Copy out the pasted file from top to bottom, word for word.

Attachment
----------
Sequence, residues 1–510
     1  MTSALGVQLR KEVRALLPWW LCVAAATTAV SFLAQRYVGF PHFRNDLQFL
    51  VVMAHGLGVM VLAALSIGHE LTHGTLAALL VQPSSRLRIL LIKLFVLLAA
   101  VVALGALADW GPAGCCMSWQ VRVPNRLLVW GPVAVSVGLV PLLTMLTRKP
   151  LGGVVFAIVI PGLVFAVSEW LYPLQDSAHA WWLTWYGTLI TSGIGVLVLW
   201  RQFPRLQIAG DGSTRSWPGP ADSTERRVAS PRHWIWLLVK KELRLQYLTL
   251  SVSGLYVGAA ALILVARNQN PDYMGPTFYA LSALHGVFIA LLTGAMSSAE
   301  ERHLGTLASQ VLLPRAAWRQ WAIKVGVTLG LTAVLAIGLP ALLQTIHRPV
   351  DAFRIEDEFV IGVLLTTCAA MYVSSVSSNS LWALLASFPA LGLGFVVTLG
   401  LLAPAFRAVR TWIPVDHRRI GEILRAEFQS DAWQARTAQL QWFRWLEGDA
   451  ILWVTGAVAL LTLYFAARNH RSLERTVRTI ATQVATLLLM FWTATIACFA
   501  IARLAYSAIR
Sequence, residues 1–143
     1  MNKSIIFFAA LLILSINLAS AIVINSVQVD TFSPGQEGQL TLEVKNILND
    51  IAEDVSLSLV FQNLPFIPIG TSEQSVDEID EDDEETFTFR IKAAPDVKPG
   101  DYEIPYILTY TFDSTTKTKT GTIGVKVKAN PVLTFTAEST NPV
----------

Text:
Sequence, residues 1–510
     1  MTSALGVQLR KEVRALLPWW LCVAAATTAV SFLAQRYVGF PHFRNDLQFL
    51  VVMAHGLGVM VLAALSIGHE LTHGTLAALL VQPSSRLRIL LIKLFVLLAA
   101  VVALGALADW GPAGCCMSWQ VRVPNRLLVW GPVAVSVGLV PLLTMLTRKP
   151  LGGVVFAIVI PGLVFAVSEW LYPLQDSAHA WWLTWYGTLI TSGIGVLVLW
   201  RQFPRLQIAG DGSTRSWPGP ADSTERRVAS PRHWIWLLVK KELRLQYLTL
   251  SVSGLYVGAA ALILVARNQN PDYMGPTFYA LSALHGVFIA LLTGAMSSAE
   301  ERHLGTLASQ VLLPRAAWRQ WAIKVGVTLG LTAVLAIGLP ALLQTIHRPV
   351  DAFRIEDEFV IGVLLTTCAA MYVSSVSSNS LWALLASFPA LGLGFVVTLG
   401  LLAPAFRAVR TWIPVDHRRI GEILRAEFQS DAWQARTAQL QWFRWLEGDA
   451  ILWVTGAVAL LTLYFAARNH RSLERTVRTI ATQVATLLLM FWTATIACFA
   501  IARLAYSAIR
Sequence, residues 1–143
     1  MNKSIIFFAA LLILSINLAS AIVINSVQVD TFSPGQEGQL TLEVKNILND
    51  IAEDVSLSLV FQNLPFIPIG TSEQSVDEID EDDEETFTFR IKAAPDVKPG
   101  DYEIPYILTY TFDSTTKTKT GTIGVKVKAN PVLTFTAEST NPV